Crown axillary buds of pineapple variety Queen were irradiated with 5, 10, 20, 30,40 and 50 Gy of gamma radiation.

In the MV1 generation the percentage emergence, height of the plantlets, length of the roots and survival in the MV1 generation decreased with the increasing dose of gamma radiation.

The morphological changes induced by gamma radiation were: plantlets with tumorous roots, compact plantlets with thick leaves, and plantlets with leaf abnormalities such as twisted, narrow or reduced spines, or inward curved, striated or fused leaves. Generally, the frequency of these morphological changes increased with the increasing dose of radiation.

The chlorophyll mutations obtained in the MV2 plantlets ranged from viridis, chlorina, striata and xantha to albina. An increase in anthocyanin pigmentation was obtained with doses ranging from 5 to 40 Gy of gamma radiation.

Desirable mutations with reduced spines and chlorophyll mutants were selected in MV2, MV3 and later generations. These mutants were propagated asexually using the axillary bud technique. Further selections and evaluation of usefulness of these mutants were undertaken.

Recurrent irradiation was also performed to increase the frequency of mutations. Axillary buds that had previously been irradiated with 5-50 Gy were recurrently irradiated with 30 and 40 Gy.

Chlorophyll mutants that look-like ‘ornamental bromeliads’ were selected from the recurrently irradiated population. These mutants were grown in pots under greenhouse conditions and later on transplanted in the field, where it developed normal fruit with a crown, exhibiting the same morphology as the leaves of the plant. Both the chlorophyll mutant and the plants with reduced spines were propagated using the axillary bud techniques. Once a sufficient number (100 plants) is attained this chlorophyll mutant will be submitted to the National Seed Industry Council for registration as an improved variety.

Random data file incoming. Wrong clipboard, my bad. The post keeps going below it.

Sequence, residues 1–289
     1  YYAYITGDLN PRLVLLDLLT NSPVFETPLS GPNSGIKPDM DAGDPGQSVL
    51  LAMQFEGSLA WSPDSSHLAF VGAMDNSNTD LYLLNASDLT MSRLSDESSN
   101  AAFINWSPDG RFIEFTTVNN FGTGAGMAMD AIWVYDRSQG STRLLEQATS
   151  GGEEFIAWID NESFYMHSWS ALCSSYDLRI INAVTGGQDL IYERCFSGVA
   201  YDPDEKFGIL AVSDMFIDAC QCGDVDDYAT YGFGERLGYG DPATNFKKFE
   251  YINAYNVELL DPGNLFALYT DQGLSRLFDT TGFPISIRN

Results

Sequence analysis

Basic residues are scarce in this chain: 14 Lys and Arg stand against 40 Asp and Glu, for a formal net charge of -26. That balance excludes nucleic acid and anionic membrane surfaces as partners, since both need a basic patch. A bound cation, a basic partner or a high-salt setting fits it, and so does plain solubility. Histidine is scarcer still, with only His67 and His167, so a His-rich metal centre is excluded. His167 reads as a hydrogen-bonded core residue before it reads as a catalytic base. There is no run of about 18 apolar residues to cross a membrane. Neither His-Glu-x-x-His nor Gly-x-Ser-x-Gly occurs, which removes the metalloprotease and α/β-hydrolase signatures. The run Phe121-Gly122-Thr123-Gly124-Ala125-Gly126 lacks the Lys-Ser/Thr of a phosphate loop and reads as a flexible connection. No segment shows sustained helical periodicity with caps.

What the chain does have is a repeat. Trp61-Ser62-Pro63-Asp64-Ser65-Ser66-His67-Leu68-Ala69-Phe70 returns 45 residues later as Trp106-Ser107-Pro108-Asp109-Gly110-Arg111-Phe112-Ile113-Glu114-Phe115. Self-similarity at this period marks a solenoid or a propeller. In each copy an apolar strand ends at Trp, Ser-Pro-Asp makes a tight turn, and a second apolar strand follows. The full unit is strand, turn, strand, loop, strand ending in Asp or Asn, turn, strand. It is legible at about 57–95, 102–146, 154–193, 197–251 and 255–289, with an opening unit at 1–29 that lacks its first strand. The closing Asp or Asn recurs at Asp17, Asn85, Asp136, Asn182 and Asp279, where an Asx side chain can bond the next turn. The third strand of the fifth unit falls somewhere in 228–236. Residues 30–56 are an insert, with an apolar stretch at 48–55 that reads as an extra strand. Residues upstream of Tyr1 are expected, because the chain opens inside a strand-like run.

Purification of mutant plants with reduced thorns along the leaf margins were continued. These mutants will be multiplied and grown for further evaluation.
Putative mutants with bigger fruits were isolated. This mutant will be multiplied through the use of suckers for further verification.

Tissue culture is a potential tool for induced mutation breeding. However, before one can make use of this technique for mutation induction purposes, there is a need to establish the protocol for plantlet regeneration.

In pineapple Queen Variety, callus tissues were induced from crown axillary sections inoculated in Murashige and Skoogs Medium (MS) with benzyl adenine (BA) and naphthalene acetic acid (NAA). These callus tissues were successfully regenerated into plantlets using the above culture medium.

Callus tissue were irradiated with different doses of gamma radiation ranging from 5 to 50 Gy. After irradiation, the control as well as irradiated calli were inoculated in MS medium with 2 ppm BA + 2 ppm NAA since the best formulation for callus induction and shoot regeneration was observed in this medium. Calli irradiated with 20 Gy produced the most number of plantlets (90%) cultured in these. Callus tissues were further subcultured in the same medium formulation every 2-3 weeks. Vigorous plant growth was noted at 20 Gy.